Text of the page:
- 1st Quarter: Wildland Physical Fitness Test (Work Capacity Test [Pack Test]) Personnel will wear a 45-pound pack and walk 3 miles within 46 minutes
- 2nd Quarter: Modified Work Capacity Test Personnel will wear a 25-pound pack and walk 3 miles within 46 minutes
- 3rd Quarter: Physical Ability Test The PAT will consist of tasks geared to the daily job functions
- 4th Quarter: Modified Work Capacity Test Personnel will wear a 25-pound pack and walk 3 miles within 46 minutes
State fire fighter certification is voluntary for all fire fighters (FFI and FFII). There is no annual recertification requirement. The FF was certified as a Fire Fighter II, Emergency Medical Technician, and in Ropes I, II, and III. She had 2 years of fire fighting experience.
Pre-placement Physical Examination. A pre-placement physical examination is required by this FD for all career applicants. The contents of the examination for full-time applicants are as follows:
- Complete medical history
- Physical examination
- Vital signs
- Blood testing: complete blood count and blood lipids
- Urine drug screen
- Resting EKG
- Baseline chest x-ray
- Vision test
Volunteer applicants receive the Department of Transportation (DOT) medical examination for commercial driver’s license (CDL), which does not include blood tests, spirometry, chest x-ray, or EST.
A District-contracted physician performs the medical examinations and forwards the clearance for duty decision to the Fire Chief, who makes the final determination regarding clearance for duty.
Periodic Evaluations. Annual medical evaluations are required for all members. The evaluation for full-time members is more stringent than the evaluation for volunteers. The components are the same as the pre-placement medical evaluation except a chest x-ray is not required unless clinically indicated. Again, volunteer members receive the CDL medical evaluation. Annual SCBA clearance is required. A District-contracted physician performs the medical evaluations and forwards the clearance for duty decision to the Fire Chief, who makes the final determination regarding clearance for duty.
An annual PAT and the US Forest Service pack test for Wildland Red Card certification are required for career and reserve members. There is a mandatory fitness program. A return-to-duty medical clearance is required from the fire fighter’s PCP for duty-related injuries. A return-to-duty medical clearance is required from the fire fighter’s PCP for illnesses that prevent fire fighters from performing their duty for three shifts. The clearance is provided to the FD, who reviews it and makes a final determination regarding return to work.
Oxycodone (Oxycontin) is a narcotic analgesic available in oral formulations often in combination with other drugs such as acetaminophen, aspirin, phenacetin, and caffeine.3 It is frequently used to treat pain, typically due to cancer or severe musculoskeletal injuries.2 The usual adult dose is 2.5 – 5.0 mg every 6 hours, although patients with moderately severe pain may take 10 – 30 mg every 4 hours. The drug is also available in prolonged-release tablets containing 10 – 80 mg given every 12 hours. Therapeutic blood levels are less than 0.1 mg/L.2 The FF/EMT had a blood level over 8 times the therapeutic maximum.
In human subject testing, plasma oxycodone concentrations peak somewhere between 0.8-2.5 hours post-dose.3 In subjects receiving an unusually large dose (20 mg in a 154-pound person), peak plasma concentrations averaged 0.038 mg/L at an average time of 1 hour.3 Subjects receiving single 40 or 80 mg controlled-release tablets attained average maximal plasma levels of 0.039 and 0.099 mg/L.3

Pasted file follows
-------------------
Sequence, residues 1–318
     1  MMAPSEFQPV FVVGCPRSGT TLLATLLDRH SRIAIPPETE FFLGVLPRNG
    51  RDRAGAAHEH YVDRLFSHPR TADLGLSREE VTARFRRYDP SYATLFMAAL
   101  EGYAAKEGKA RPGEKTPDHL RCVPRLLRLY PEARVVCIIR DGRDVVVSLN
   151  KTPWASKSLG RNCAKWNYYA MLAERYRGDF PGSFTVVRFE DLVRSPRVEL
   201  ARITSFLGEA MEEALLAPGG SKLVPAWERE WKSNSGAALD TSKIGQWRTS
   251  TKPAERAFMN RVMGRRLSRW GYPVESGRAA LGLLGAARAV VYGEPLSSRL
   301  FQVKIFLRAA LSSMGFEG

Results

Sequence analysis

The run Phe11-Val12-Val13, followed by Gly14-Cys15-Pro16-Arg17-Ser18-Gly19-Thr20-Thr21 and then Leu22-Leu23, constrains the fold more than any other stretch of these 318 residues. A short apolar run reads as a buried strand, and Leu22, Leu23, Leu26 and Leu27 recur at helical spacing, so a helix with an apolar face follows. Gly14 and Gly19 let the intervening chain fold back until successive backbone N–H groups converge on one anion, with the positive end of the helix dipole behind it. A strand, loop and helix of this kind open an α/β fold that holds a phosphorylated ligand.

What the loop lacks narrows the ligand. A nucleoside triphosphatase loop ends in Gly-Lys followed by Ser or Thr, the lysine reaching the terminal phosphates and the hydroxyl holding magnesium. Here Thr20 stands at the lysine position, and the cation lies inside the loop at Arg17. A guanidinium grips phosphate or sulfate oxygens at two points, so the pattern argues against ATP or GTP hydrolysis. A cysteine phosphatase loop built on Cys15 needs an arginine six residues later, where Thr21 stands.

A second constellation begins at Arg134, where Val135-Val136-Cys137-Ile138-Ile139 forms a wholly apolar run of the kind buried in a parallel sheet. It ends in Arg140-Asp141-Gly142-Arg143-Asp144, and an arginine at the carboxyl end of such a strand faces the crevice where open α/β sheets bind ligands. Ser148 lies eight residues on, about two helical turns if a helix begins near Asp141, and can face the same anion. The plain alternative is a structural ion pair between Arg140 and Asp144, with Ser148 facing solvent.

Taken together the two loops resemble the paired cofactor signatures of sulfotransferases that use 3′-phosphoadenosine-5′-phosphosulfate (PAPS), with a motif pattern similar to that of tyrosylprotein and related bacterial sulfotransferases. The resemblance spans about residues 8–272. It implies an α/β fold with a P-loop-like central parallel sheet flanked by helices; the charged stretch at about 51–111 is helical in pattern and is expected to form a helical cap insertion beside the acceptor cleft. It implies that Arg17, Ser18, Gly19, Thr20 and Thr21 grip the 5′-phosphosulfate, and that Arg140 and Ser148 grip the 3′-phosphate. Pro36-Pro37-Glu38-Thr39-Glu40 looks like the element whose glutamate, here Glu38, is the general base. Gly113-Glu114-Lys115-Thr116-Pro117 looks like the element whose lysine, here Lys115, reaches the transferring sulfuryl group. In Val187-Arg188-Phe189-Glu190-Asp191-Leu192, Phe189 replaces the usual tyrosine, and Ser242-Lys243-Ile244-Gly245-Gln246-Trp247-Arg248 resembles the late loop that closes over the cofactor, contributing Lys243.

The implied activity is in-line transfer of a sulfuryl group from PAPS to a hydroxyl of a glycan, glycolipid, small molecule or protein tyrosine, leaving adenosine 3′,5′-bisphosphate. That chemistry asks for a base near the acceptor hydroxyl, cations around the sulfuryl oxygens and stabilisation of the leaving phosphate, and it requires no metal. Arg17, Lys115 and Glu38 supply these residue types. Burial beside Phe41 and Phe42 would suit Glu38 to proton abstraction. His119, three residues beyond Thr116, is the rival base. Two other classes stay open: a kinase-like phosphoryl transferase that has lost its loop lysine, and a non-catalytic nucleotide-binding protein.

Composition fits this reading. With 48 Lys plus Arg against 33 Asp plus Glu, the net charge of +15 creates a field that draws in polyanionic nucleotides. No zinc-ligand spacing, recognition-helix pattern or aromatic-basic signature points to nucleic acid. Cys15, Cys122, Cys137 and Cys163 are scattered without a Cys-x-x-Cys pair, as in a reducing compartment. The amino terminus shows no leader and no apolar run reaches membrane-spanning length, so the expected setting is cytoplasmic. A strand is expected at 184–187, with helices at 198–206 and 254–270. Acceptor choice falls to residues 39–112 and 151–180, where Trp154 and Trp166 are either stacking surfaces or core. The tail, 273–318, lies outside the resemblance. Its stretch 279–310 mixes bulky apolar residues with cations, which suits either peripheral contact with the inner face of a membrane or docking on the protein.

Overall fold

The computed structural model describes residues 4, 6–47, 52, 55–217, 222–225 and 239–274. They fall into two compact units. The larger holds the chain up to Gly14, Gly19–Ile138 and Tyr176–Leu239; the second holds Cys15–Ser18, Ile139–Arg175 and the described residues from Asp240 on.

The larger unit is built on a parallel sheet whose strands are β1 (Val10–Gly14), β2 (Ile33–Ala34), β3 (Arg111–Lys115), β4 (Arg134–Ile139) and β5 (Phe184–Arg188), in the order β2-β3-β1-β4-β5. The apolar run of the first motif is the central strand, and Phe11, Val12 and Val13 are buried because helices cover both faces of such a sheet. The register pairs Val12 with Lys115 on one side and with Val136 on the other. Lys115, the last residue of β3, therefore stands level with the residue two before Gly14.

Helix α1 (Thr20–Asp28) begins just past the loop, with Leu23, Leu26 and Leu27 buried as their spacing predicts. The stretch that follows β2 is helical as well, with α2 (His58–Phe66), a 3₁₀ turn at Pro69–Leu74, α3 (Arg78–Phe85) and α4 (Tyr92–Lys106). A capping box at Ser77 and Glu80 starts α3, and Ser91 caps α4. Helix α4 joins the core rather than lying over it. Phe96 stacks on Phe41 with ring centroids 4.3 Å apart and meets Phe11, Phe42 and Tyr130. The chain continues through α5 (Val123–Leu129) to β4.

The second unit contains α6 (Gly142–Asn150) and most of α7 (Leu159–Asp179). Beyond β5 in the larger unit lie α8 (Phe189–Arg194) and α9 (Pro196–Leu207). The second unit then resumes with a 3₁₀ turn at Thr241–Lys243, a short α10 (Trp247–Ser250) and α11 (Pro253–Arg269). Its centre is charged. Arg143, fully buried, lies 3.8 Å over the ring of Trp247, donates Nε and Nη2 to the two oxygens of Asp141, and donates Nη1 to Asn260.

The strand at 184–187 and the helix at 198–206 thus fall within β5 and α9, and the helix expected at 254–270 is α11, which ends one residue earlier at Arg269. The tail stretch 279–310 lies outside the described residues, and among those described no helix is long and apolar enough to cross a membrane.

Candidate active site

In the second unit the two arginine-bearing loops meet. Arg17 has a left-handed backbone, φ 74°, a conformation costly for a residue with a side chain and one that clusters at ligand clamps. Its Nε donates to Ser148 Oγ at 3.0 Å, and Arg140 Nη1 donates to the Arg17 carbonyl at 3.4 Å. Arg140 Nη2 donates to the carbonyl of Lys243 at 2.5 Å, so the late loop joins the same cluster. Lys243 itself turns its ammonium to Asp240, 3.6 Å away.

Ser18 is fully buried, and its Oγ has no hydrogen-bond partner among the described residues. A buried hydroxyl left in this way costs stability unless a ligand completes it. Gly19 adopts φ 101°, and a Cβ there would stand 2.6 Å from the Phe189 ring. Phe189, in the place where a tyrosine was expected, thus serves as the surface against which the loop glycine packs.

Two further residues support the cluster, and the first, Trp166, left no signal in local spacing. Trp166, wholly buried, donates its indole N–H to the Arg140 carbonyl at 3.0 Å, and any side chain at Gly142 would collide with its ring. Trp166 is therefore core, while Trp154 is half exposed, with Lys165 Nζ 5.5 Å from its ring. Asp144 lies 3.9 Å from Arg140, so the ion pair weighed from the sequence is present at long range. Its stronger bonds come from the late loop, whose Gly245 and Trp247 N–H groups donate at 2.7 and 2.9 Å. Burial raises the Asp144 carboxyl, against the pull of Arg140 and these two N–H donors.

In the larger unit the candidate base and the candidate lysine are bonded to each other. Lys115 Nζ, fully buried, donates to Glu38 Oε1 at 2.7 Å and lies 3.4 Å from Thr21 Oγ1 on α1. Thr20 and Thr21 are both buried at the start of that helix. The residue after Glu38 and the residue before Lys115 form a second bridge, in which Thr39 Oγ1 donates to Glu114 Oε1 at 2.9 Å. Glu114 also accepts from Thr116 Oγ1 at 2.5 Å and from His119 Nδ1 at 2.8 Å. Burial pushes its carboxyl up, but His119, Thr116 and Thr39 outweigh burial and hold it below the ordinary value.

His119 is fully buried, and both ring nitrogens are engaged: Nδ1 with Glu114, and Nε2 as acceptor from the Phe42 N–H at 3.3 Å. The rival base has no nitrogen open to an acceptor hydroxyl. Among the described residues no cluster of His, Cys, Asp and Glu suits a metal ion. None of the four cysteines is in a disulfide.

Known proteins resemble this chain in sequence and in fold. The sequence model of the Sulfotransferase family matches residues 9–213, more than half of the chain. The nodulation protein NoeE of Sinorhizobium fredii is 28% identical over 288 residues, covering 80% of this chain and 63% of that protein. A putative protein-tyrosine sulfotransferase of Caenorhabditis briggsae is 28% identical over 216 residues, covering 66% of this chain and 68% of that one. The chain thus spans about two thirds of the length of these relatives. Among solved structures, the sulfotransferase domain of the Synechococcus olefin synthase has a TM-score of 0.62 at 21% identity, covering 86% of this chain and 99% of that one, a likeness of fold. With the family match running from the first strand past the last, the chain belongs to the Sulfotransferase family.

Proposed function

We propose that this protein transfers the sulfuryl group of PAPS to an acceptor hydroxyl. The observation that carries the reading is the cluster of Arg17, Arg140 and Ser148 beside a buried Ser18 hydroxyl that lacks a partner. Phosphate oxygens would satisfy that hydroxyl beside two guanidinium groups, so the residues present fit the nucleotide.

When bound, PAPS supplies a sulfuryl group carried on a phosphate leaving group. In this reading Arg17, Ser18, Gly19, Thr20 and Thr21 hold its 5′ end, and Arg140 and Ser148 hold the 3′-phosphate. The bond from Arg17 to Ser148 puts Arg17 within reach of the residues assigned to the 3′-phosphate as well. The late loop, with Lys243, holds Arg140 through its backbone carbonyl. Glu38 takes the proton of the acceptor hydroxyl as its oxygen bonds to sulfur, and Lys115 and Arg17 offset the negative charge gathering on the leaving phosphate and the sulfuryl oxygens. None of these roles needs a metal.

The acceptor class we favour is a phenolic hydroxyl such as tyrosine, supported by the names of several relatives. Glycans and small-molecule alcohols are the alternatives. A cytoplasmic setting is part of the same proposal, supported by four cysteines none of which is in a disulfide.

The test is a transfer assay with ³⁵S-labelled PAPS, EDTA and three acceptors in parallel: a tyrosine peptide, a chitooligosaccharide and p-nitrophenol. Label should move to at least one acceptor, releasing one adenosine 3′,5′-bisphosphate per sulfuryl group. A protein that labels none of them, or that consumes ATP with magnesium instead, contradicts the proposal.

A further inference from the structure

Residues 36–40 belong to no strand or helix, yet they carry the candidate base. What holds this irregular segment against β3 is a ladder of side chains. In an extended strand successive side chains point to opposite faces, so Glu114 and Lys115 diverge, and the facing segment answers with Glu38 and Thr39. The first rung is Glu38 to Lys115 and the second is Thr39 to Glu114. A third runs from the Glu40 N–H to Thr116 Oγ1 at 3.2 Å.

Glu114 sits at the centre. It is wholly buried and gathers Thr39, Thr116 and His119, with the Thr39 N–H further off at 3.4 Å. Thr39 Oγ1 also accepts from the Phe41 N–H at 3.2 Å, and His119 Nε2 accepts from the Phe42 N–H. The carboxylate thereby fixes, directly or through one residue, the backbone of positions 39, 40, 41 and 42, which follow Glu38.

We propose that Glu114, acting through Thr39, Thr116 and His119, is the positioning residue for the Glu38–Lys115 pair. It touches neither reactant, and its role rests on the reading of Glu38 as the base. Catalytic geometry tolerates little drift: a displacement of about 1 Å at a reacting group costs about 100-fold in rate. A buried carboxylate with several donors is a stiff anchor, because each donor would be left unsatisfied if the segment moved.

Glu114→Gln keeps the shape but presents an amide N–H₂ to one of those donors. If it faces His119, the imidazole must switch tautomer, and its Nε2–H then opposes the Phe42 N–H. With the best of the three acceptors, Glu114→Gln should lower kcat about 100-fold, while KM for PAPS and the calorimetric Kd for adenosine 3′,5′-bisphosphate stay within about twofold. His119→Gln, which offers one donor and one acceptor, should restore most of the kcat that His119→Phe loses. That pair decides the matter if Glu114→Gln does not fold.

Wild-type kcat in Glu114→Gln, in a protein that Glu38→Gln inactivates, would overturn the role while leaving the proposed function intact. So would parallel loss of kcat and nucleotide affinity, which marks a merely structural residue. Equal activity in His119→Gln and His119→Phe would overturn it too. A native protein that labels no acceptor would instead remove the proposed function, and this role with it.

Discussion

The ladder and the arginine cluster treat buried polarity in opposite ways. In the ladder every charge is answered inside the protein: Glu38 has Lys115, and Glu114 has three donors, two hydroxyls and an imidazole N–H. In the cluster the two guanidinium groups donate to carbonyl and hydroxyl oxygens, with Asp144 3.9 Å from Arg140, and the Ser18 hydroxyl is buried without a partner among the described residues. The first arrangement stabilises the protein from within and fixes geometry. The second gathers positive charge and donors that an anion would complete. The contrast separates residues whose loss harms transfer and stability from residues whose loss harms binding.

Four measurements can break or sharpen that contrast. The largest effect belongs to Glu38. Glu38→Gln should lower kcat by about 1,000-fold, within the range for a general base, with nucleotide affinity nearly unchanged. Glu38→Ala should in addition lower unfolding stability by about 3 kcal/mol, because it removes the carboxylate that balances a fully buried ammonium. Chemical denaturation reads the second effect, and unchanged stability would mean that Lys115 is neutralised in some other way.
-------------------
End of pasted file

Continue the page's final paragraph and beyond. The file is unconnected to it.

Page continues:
Oxycodone is capable of producing stupor, coma, muscle flaccidity, severe respiratory depression, hypotension, and cardiac arrest in overdosage. Little is known about the postmortem toxicology or pathology of oxycodone-related deaths. In a series of 24 deaths attributed solely to oxycodone, postmortem blood concentrations averaged 1.2 mg/L (range 0.1-8.0).3 While this FF/EMT’s oxycodone blood concentration was below this average, it was still within the fatal range.
This FF/EMT had a blood test at 0645 hours on the day of this incident as part of the FD annual medical evaluation. This blood test was negative for opiates (narcotics). Her blood level of oxycodone at autopsy was 0.85 mg/L. Witnesses who spoke to her at the meeting at 1700 hours stated that she exhibited no symptoms of having taken medication except for irritated eyes. Witnesses who saw her around dinner time stated she admitted to being very tired and was going to bed. Her husband, the last person to see the FF/EMT, stated she had no symptoms other than being tired. According to medical records available to NIOSH investigators, the FF/EMT was never prescribed oxycodone. It is unclear how she obtained the medication or why it was taken. The County Sheriff’s Office determined the death to be accidental.
On autopsy, the FF/EMT was found to have mitral valve thickening and some cardiac muscle interstitial fibrosis. It is unlikely either of these findings were related to her sudden death.
According to crew members, the FF/EMT related she was taking a new vitamin and it was causing a rash. The NIOSH investigator was unable to obtain any information about this vitamin and it was not detected on the drug screen during her FD medical evaluation that morning nor by the autopsy.
Occupational Medical Standards for Structural Fire Fighters. To reduce the risk of sudden cardiac arrest or other incapacitating medical conditions among fire fighters, the National Fire Protection Association (NFPA) developed NFPA 1582, Standard on Comprehensive Occupational Medical Program for Fire Departments.4 NFPA 1582 lists narcotic use as a Category A medical condition for candidates and a condition that potentially interferes with fire fighting duties for members.4 Had the FD or the FD physician known of its use, she probably would not have been cleared for unrestricted fire fighting duties.